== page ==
At first, she denied the dog was hers. But my husband Steve was sure it was her dog because the other Golden Retriever that had been at our house, a young pup, was right there in her yard. She finally admitted that the dog lying in our garage was her dog when Steve told her that the dog had not caused any trouble and we just wanted to help him get home. Showing Steve her arm, which was in a sling, she told him she was not allowed to drive and that her husband wasn’t home. Steve told her that wasn’t a problem, that he’d drive the dog to her house now that he knew whose dog it was. Continue reading
Today I received a text from someone I don’t know. It went like this:
*My daughter’s dog is named Tyler. He can’t shoot guns; his arms are too short.
Our female Saint Bernard, Neva, was a runner. For the first two years of her life, I could only take her outside on a leash because whenever the opportunity to go for a run through the neighborhood arose, Neva took off. I chased her through fields, through the woods, even through a neighbor’s open garage; she went in through the overhead door and out the open man-door that lead to their (thankfully) fenced in back yard. Continue reading
My father’s death was not expected; he was only thirty-nine years old, healthy and vigorous when he went to work one day and did not come back. He died from Coronary Thrombosis, the same silent killer that later killed newsman Tim Russert. In addition to my mother, he left behind three children, me at age 19 and my brothers ages 17 and 6. Since his death in 1979, I cannot count the number of times my family and I would’ve given anything to hear from him again. And then one day, we did. Continue reading
I saw the goat first. It was walking along the woods at the edge of the field heading towards the road. When I pointed it out to my husband Steve, he went into the garage and came back with some dog food in an old metal coffee can. Standing in the driveway, he began shaking the can. The goat turned and headed in our direction. Continue reading
Three years ago when I arrived home from work I head a scratching noise coming from behind the dryer and I immediately knew that there was some type of critter in the flexible dryer duct that leads from the dryer to the vent mounted on the outside wall of our home. I knew without a doubt that there was an animal in the dryer duct because it had happened before. Continue reading
My husband Steve and I have had at least one Saint Bernard at any given time for the past 16 years. To accommodate them, we have a kennel, that is actually a 12 foot by 20 foot building that is insulated and fully equipped with water and electricity. Surrounding the dog kennel is a large fenced in area that allows our dogs to run and play all day without direct supervision. This has worked out well for us and for the Saints. Saint Bernards, which were originally bred in the Swiss Alps, love being outside and they love the cold and snow . Although their kennel is insulated, and although we have wall heaters for it….we’ve never had to turn on the heat; the dogs have a very natural ability to keep themselves warm. Continue reading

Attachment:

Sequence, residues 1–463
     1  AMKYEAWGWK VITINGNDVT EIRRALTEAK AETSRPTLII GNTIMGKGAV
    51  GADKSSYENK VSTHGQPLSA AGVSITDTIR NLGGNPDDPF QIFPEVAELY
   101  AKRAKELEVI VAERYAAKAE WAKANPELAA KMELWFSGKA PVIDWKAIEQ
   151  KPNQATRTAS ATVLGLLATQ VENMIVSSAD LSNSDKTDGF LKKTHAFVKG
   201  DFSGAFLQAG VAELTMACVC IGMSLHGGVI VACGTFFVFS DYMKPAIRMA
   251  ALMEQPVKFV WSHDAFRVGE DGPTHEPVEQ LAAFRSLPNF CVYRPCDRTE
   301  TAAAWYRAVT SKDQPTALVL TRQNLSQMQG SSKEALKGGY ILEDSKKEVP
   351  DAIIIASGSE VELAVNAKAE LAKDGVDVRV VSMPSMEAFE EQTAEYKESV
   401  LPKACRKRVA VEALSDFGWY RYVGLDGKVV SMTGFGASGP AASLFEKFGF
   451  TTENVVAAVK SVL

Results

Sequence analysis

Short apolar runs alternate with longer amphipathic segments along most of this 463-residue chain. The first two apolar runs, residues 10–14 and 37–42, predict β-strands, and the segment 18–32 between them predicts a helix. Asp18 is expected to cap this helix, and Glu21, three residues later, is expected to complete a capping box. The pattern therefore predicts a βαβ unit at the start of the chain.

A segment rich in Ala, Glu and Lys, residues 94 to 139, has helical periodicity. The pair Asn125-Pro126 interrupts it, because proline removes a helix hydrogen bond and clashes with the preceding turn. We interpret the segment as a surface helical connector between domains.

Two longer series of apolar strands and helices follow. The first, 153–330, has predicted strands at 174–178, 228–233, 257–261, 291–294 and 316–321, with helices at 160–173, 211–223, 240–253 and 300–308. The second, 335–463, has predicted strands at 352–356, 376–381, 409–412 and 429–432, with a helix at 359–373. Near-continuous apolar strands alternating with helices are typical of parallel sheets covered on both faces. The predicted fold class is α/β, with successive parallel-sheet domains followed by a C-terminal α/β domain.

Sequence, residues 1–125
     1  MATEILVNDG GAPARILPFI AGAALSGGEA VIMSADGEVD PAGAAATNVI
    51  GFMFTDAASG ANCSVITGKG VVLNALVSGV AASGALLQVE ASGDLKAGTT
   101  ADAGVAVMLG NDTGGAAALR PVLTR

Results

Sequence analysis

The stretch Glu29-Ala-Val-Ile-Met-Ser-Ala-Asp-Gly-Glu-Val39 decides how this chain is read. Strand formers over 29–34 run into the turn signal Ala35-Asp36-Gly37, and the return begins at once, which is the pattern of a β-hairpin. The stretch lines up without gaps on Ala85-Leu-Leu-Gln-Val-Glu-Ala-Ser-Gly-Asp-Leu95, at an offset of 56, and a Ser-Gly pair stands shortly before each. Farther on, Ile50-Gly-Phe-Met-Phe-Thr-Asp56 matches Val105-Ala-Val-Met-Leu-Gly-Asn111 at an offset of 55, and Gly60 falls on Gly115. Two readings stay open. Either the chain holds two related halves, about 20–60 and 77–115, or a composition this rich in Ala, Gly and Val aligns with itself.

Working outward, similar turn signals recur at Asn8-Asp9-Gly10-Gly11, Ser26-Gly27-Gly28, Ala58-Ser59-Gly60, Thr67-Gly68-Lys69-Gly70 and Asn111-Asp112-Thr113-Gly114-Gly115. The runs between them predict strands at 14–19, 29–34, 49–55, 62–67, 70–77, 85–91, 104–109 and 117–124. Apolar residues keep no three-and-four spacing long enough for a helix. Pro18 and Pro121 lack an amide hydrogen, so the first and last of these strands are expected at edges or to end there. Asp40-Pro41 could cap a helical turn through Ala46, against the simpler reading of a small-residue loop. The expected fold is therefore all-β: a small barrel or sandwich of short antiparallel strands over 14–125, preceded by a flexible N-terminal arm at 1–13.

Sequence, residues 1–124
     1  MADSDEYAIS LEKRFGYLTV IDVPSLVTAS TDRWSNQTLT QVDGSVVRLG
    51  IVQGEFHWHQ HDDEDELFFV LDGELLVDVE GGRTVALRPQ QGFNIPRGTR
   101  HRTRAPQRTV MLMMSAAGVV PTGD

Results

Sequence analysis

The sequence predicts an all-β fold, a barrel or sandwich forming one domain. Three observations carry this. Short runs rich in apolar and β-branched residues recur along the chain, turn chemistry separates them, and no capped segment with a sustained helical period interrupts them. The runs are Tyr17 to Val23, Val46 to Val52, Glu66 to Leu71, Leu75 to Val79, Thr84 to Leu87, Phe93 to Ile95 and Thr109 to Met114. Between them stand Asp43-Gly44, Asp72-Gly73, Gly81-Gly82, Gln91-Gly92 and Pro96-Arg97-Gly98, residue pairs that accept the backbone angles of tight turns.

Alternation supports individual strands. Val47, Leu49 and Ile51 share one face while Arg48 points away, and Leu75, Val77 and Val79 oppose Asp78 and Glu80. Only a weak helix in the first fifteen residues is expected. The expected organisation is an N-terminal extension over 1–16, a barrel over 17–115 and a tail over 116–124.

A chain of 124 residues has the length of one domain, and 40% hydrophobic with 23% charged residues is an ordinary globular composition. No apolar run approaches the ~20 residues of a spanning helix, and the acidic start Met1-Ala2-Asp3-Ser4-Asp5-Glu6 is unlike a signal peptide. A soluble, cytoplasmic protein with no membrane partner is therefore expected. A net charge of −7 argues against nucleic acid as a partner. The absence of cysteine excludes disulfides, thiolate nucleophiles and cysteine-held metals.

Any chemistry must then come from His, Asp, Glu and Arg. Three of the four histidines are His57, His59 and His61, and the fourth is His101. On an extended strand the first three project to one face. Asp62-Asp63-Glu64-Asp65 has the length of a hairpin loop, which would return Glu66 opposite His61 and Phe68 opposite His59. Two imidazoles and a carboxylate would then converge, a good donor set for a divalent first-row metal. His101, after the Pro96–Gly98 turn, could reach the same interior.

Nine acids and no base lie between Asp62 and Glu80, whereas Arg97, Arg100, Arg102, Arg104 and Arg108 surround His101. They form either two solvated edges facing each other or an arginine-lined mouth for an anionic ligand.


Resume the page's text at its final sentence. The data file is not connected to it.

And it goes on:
When I was a little girl I desperately wanted to see a flea circus. Having seen them on various television shows and in the cartoons in the Sunday papers, I couldn’t wait to see one in person. When I asked my mother where we could find a flea circus, she told me that she didn’t know but that she didn’t think someone could really train fleas to do tricks. She said she thought the whole idea of a flea circus was itself a trick. I didn’t really understand what she meant, I just knew I wanted to go to a flea circus.
A few weeks ago my husband Steve and I, along with some friends, went to the Sherman’s Valley Heritage Days in Blaine, Pennsylvania. This annual event features old farm equipment, steam-powered engines, people in period costumes, home-made baked goods, arts and crafts and this year… ta-da…Marty’s Flea Circus! It took me fifty years, but I finally found one.
Marty, flea wrangler extraordinaire, told the audience, which was mostly children, the names of the fleas and from where they came, including one that he got from Evel Knievel. The trained fleas did all kinds of tricks, from moving steel balls to being shot out of cannons and jumping into cans. Unfortunately, now that I’m in my fifties, my eyesight isn’t as good as it once was and I had trouble seeing the tiny fleas. But the children, whose eyesight is not yet aged, saw them clearly.
Daily Prompt: Tiny
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It was May 2nd, 2012 and I was in the kitchen when I heard my husband Steve call to me from outside, “Lorrie, come here, you’ve got to see this.” Continue reading
My son Aaron has always loved apple cider so I was not surprised when he purchased a 125 year-old cider press several years ago. The cider press, still in its original condition, is both beautiful and practical. Although Aaron bought it to make himself hard cider, which is similar to an apple wine, my daughter-in-law, Renee, saw the potential for a new family tradition, and so the Annual Deck Family Apple Festival was born. Continue reading